Scotland’s not proven verdict has become a live election issue after political parties signalled their intent to remove it. The Courier gathered expert opinion to examine whether Scots Law is ready for a fundamental shake-up.
“That bastard verdict.”
The summation of Sir Walter Scott of Scotland’s “third” verdict was coined before the modern vernacular but seems all the more relevant now.
Not proven has plagued legal experts and commentators for generations.
It is fairly clear in its origins – the Crown is charged with proving a case and if it does not do so, the jury has the option to say so and the accused leaves the dock without a conviction.
Not proven does not indicate an accused’s acquittal, despite doubts over the evidence – it is a clear indication of innocence.
Its presence does not provide a “get out” for uncertain juries – the accused walks from the court without a stain on their character in the eyes of the law, regardless of the acquittal verdict.
Such has been the case for as many as one in five jury acquittals in recent years including in 2019, the alleged killer of Annalise Johnstone in Perthshire, Fife “sexsomniac” Darrell Swanson and Robert Chambers, who ended promising footballer John Black’s career with a single punch in Dundee in 2018.
Its effect in law is no different to the linguistically-clearer not guilty, yet leaves an undesirable ambiguity at the conclusion of proceedings.
And therein lies the major flaw. An archaic three-verdict system, while legally clear, muddies the waters of public – and sometimes professional opinion.
If an accused is not guilty, they deserve to be labelled as such.
Studies have shown the third verdict does not materially affect conviction rates, except where the evidence against the accused is only moderately strong, hence the particular issue in sexual assault and rape cases, which are far less likely to feature strong corroboration.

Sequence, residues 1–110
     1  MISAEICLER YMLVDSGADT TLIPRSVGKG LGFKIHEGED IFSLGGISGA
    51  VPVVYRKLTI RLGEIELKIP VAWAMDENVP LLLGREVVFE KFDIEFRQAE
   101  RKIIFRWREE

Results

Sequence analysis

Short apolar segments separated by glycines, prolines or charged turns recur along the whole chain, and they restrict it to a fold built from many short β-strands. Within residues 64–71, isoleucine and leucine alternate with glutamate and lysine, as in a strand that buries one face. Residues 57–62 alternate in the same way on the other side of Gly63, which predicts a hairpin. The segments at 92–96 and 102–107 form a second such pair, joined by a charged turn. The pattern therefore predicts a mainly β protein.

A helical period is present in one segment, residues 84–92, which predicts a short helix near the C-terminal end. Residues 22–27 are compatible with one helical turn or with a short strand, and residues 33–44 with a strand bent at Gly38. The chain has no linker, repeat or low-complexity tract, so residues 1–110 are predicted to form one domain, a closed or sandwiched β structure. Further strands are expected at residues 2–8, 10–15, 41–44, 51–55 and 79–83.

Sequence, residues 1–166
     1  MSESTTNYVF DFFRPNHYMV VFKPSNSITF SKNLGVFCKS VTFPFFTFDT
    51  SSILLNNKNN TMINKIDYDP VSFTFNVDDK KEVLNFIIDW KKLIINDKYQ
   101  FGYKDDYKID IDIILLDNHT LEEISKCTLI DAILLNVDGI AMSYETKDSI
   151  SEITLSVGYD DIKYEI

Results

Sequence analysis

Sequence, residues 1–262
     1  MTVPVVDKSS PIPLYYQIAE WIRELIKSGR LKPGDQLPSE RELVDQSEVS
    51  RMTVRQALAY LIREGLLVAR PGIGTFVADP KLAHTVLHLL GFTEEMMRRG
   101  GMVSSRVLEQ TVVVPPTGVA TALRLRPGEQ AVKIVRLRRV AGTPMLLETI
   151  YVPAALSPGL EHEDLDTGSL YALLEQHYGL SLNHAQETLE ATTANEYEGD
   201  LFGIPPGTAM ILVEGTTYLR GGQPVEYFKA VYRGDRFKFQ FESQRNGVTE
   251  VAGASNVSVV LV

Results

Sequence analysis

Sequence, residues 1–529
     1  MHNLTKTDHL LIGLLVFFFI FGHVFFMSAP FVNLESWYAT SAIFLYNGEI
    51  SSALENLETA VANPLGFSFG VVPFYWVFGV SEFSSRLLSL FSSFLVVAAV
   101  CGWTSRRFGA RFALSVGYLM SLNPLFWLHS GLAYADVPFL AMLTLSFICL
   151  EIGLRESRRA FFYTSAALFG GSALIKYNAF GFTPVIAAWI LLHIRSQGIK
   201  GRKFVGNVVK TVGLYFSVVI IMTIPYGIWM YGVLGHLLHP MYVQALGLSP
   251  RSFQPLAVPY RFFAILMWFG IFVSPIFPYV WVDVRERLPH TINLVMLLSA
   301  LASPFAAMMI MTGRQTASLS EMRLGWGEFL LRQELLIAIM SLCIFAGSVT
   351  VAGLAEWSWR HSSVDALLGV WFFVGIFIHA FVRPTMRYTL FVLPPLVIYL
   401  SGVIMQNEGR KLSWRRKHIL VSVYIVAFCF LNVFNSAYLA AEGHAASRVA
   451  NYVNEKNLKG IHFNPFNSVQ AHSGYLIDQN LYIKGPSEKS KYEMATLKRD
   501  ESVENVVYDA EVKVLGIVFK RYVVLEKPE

While some may say it is actually the guilty/ not guilty verdicts which must be scrapped, leaving juries merely to determine whether the Crown has carried out its trial function, we are too far down the road for inviting such further confusion.
An unexpected entry into the Scottish parliamentary election campaign, the Scottish Conservatives have backed its axing and Nicola Sturgeon said at the weekend she would back a review.
Rape survivor Miss M has lobbied for change since her attacker was acquitted with a not proven verdict.
She was raped at St Andrews University in 2013 but took she took her case to the civil court and was awarded £80,000 after the criminal trial.
People don’t understand what not proven is”
– Campaigner Miss M
“Scotland is the only European nation to have a third verdict in criminal cases, not proven.
“The certainty we apply to guilty and not guilty does not apply to not proven.
“People don’t understand what not proven is. There’s no definition to what it means.”
She welcomed recent political discourse.
“It’s great to see the conversation had at this level. Hopefully they follow through.”
Rape and Sexual Abuse Centre Perth and Kinross (RASAC PK) manager Jen Stewart believes justice is jeopardised when those found not guilty and not proven face the same outcome.
She said: “RASAC PK fully support the continuing conversation around abolishing the not proven verdict.
“The not proven verdict is disproportionately used in rape and sexual assault trials, resulting in conviction rates which are consistently lower than any other crime.
“There is evidence that preconceived ideas about how someone should react following a rape influences juries and can make them less likely to deliver a guilty verdict.
“Not proven convictions have the same outcome for the accused as not guilty, they are both acquittals.
“This too often results in perpetrators walking free from court and the impact of a not proven can be as distressing for survivors as a not guilty.
“We believe that in order to improve the justice process for survivors, significant change is needed and we would fully support the abolition of not proven as part of this change.”
Ronnie Renucci QC, Vice-Dean at Faculty of Advocates, said wider reform is needed than merely scrapping one verdict.